Intent is the key to handball, there is no question – yet in the Young incident, Winter does not flag this up. He appears to say that despite Young’s body shape, forward momentum in the attempted block and turning away so he can’t even see the flight of the ball – that is that any of the indicators of intent had been categorically removed – that if the ball had then struck his hand a penalty would be “fair enough.”
For me those two cases are totally contradictory and it is deeply worrying that even with plenty of time to consider the decisions and weigh them up against each other that the verdicts still appear to be both totally subjective and totally in opposition.
Elsewhere in the featurette Winter wanderes offside into another problematic area. Looking at in Incident 8, Darby’s James McEveley’s trip on Gary O’Neil just inside the area that resulted in a free-kick just outside, he says it is often hard to judge when contact occurred when players’ momentum then carries them inside the box as they fall. Fair enough, it must be ‘mare to call, especially when the linesman is either not up with play or has been told not to make those decisions and to leave them to the ref.
But with the benefit of hindsight and slo-mo Winter should be able to say clearly that the decision was wrong. Instead he cops out and ushers what should be a red-faced ref into the traditional Victorian stronghold of unassailable integrity. “The referee deemed it outside. It was an honest decision so I stand by him”. This is of course the get out clause in every single disciplinary panel from local football up to FIFA: “if in the opinion of the referee….”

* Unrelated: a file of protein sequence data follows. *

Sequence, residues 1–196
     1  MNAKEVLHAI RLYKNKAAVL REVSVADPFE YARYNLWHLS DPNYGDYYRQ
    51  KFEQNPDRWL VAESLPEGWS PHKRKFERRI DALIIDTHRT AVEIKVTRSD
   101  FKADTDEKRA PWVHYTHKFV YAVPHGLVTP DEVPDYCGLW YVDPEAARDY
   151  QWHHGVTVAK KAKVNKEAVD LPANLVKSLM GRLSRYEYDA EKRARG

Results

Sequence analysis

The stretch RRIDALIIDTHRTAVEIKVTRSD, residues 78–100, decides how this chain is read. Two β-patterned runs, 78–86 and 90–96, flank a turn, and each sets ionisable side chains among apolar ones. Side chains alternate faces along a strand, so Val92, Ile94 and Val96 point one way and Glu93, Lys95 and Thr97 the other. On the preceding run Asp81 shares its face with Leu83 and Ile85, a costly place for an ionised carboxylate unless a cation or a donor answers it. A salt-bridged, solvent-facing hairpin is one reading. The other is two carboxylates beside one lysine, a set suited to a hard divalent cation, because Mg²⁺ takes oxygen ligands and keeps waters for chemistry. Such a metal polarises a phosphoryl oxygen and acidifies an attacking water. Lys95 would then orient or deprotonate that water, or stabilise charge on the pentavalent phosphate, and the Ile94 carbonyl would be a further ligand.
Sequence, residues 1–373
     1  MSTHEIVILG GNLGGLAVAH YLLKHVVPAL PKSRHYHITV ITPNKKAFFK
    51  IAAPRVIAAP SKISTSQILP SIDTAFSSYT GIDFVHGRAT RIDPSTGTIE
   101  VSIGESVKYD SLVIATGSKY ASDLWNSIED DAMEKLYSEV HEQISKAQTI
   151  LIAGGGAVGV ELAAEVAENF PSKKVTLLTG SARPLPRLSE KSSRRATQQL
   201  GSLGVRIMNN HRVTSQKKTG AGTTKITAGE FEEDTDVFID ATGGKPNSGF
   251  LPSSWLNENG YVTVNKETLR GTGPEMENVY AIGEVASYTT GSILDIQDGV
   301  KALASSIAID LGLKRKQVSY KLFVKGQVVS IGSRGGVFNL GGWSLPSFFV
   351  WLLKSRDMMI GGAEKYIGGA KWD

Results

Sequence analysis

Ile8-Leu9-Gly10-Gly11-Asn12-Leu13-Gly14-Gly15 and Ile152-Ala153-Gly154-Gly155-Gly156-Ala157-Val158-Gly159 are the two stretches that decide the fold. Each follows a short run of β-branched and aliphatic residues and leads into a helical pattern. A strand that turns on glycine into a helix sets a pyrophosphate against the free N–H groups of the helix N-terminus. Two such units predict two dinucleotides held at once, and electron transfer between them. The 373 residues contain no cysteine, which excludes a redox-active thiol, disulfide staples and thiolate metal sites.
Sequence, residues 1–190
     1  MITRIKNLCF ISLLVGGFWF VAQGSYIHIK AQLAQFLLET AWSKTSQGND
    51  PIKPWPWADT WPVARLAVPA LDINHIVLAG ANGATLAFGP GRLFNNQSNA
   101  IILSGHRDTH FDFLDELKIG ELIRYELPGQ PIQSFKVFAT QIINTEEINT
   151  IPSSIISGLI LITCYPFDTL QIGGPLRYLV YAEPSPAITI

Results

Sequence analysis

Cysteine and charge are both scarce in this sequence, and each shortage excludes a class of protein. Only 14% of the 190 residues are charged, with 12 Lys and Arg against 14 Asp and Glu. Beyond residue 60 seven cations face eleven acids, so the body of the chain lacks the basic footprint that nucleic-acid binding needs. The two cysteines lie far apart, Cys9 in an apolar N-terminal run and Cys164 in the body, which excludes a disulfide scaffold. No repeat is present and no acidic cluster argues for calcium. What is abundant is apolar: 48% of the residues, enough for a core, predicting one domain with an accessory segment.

Yet Winter was not ready to stand by the honest decision of Steve Bennett when he got the Luke Young penalty call wrong at Villa. Then he was just wrong. So why isn’t Martin Atkinson just wrong on this penalty call?
This is not a criticism of Jeff who I often agree with when he assesses the latest dropped blob in his rentaquote role in the media, but it is an interesting pointer to the flawed nature of the individual. Even with the most experienced referees there are layer upon layer of complexity – subjectivity, contradiction, and retrospective retreat into “well, it was an honest mistake.”